According to an article in The Observer, graduating seniors at the University of Notre Dame have mixed feelings about New York Cardinal Timothy Dolan delivering the 2013 Commencement address. While the article profiled three students who were supportive of the address, and three who were not, it gave more space to the students who were disappointed with the selection.
Some are concerned that Cardinal Dolan's address won’t be relevant for students. Said senior Camille Suarez:
I feel like this choice isn’t perfect for this moment. I was hoping Notre Dame would use this opportunity to kind of move the University forward, and I think this might be setting us back a couple steps.
I hope he talks about Catholic Social Teaching because I think that’s one image of the Catholic Church that needs to be promoted. I hope he makes a call to the graduating student body and encourages us to use our [Notre Dame] degrees to promote Catholic Social Teaching and help the poor and suffering.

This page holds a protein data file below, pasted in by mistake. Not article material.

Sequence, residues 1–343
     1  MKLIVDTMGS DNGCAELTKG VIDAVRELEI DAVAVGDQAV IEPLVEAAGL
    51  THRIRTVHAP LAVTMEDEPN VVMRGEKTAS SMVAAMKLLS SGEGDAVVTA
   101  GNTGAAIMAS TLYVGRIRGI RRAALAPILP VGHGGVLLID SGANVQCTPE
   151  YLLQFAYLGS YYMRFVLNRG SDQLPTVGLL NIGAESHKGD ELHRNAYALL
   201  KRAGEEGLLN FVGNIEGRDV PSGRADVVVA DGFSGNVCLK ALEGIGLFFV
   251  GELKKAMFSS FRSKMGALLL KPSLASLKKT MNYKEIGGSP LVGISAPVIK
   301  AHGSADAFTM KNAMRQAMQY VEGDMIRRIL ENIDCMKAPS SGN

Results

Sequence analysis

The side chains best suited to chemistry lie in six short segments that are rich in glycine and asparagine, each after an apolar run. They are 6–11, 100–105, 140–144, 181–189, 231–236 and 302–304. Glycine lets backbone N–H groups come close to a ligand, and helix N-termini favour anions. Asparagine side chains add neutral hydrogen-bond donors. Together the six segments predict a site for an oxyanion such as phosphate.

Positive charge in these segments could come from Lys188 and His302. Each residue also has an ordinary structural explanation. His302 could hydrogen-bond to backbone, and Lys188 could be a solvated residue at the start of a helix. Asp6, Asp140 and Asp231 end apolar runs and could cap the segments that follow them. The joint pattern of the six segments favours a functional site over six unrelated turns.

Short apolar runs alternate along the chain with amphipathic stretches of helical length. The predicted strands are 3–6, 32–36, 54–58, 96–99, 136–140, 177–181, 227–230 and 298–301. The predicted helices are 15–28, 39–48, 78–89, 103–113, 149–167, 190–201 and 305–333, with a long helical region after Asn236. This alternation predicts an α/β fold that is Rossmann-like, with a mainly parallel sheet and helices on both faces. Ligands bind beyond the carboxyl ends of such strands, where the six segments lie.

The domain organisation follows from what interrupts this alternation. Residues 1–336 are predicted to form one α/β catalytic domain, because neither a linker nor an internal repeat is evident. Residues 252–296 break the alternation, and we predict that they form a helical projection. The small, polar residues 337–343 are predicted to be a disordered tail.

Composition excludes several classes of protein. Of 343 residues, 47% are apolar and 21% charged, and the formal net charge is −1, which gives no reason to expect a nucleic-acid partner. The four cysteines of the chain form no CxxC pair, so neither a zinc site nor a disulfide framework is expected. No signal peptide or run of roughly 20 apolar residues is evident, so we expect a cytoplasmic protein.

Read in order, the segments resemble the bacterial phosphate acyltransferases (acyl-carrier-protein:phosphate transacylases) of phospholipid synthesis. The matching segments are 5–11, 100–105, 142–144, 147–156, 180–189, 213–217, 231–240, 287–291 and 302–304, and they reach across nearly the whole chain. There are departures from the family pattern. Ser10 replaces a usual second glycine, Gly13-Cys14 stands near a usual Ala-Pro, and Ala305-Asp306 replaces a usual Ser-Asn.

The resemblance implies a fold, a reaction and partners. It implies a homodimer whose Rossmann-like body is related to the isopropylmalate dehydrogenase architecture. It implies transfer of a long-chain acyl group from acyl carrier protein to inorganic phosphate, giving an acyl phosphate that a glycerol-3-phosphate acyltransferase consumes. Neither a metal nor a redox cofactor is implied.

The article also profiled the reactions of seniors Julia Kohn and Rachel Chisausky, who said they were disappointed and feel the speech will only be relevant for students who “identify as conservative Catholics.”
“… everything I’ve read seems to indicate that he appears to have apolitical agenda rather than just being a religious figure, and I don’t agree with any of the views that his agenda suggests,” said Kohn. “I just don’t know what he’s going to talk about that’s going to be that relevant to my beliefs and opinions.”
Chiasuasky hoped that the speech wouldn’t alienate non-religious students.
“I was disappointed, because I don’t really know much about him but I’m not Catholic or really religious at all,” she said. “I just hope [his speech] is very open and applies to every student in the graduating body and not just to religious people.”
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